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The void package claims to provide an uninhabitable type called Void, which is defined as follows -

newtype Void = Void Void

How is this definition any better than using something simpler? Say -

data Void

If my understanding is correct, both the data types contain only bottom values. However the latter is much easier to understand.

EDIT: Okay so I understand Daniel's answer below. However I thought of another possibly simpler way to do this while remaining Haskell98 compatible. We can use an Abstract data type and expose no constructors to the user.

module Data.Void (Void) where
  data Void = Void

Now only code in Data.Void module can construct a Void, however since we know it doesn't, the Void datatype is effectively uninhabited.

Would that work or am I missing something here?

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"Now only code in Data.Void module can construct a Void" that is one module too many. – PyRulez Mar 2 at 18:03
Well yeah.. I understand that now, after reading Carl's comment :) – Anupam Jain Mar 6 at 6:01
up vote 15 down vote accepted

From description for the void package on Hackage: "A Haskell 98 logically uninhabited data type" (my emphasis). Declaring Void as simply data Void would require either Haskell 2010 or the "EmptyDataDecls" language extension and thus would not be "Haskell 98".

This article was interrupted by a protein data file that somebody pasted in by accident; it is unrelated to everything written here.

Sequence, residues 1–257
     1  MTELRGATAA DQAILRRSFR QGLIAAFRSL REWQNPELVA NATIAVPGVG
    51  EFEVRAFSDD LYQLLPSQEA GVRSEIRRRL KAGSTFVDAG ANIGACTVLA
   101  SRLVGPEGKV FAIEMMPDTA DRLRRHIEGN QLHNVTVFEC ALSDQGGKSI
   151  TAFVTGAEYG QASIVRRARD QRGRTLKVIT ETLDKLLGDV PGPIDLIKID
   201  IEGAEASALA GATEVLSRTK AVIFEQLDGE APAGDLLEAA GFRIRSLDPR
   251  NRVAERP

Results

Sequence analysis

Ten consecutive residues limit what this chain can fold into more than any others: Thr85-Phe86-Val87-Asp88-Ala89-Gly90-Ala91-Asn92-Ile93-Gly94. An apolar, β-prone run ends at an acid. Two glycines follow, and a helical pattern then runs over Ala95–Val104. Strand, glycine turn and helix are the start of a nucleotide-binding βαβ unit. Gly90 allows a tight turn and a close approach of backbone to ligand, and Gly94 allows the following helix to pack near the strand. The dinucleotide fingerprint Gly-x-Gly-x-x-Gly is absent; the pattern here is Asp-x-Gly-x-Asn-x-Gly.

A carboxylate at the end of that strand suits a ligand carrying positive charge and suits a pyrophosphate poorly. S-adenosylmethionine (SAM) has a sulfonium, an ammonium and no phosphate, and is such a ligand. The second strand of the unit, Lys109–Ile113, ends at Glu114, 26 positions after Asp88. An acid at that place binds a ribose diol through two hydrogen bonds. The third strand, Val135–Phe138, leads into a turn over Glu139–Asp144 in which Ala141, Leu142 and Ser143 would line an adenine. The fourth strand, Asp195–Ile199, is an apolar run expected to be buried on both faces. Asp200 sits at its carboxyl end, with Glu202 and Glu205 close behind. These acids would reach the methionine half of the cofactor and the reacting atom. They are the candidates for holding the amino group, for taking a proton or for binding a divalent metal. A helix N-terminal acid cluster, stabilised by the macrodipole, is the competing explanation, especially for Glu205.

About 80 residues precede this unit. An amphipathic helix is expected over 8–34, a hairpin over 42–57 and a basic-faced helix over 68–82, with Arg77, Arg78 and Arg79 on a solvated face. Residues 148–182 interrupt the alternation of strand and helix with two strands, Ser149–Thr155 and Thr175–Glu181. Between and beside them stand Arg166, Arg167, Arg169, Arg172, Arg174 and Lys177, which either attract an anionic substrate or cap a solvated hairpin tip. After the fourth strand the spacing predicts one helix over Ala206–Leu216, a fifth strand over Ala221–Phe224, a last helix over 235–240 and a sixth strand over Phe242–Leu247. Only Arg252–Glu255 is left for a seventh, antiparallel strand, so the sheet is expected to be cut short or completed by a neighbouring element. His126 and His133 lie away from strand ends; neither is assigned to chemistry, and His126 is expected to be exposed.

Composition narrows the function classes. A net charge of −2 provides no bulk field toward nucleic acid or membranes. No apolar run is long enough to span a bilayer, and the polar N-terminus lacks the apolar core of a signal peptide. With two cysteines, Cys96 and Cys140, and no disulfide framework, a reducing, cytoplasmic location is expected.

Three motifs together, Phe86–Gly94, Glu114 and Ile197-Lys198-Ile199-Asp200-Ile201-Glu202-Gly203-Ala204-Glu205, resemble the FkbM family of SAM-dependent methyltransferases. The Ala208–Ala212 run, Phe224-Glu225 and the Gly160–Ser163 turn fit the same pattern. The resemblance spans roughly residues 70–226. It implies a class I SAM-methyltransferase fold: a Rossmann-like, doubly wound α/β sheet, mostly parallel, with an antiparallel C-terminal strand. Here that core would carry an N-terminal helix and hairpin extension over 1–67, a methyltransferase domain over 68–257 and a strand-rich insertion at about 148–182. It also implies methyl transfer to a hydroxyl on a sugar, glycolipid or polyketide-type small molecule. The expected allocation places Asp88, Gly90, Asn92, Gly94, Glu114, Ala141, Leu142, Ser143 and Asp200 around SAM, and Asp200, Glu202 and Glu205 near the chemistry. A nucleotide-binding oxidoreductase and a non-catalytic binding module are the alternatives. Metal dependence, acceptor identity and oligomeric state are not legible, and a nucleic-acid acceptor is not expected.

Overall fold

Here is a page on the Haskell Wiki that describes exactly this situation.

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Great, so I can use my own definition if haskell98 compatibility is not important to me. Thanks! – Anupam Jain Feb 13 '12 at 16:00
I added another possible (and simpler) way to do this in Haskell98. What do you think of that? – Anupam Jain Feb 13 '12 at 17:51
@AnupamJain That's not simpler or even correct. The only reason the void package exists is to have a type with bottoms as the only possible inhabitants. Failing to export a constructor doesn't mean the constructor doesn't exist. The newtype formulation proves that only bottoms can inhabit the type. This is important for making the absurd function in the module typecheck, for instance. – Carl Feb 13 '12 at 18:23

Your implementation is still incomplete because you do not have the absurd function:

absurd :: Void -> a

Void is supposed to be an initial object in Haskell, which is why you need the absurd function. I find the implementation of absurd in the void package to be very elegant and appropriate:

absurd (Void a) = absurd a

This definition is reminiscent of the logical analogy of Void to the False premise from which any conclusion can be derived. It even uses the logical fallacy of referencing itself to prove itself, which is logically ... absurd.

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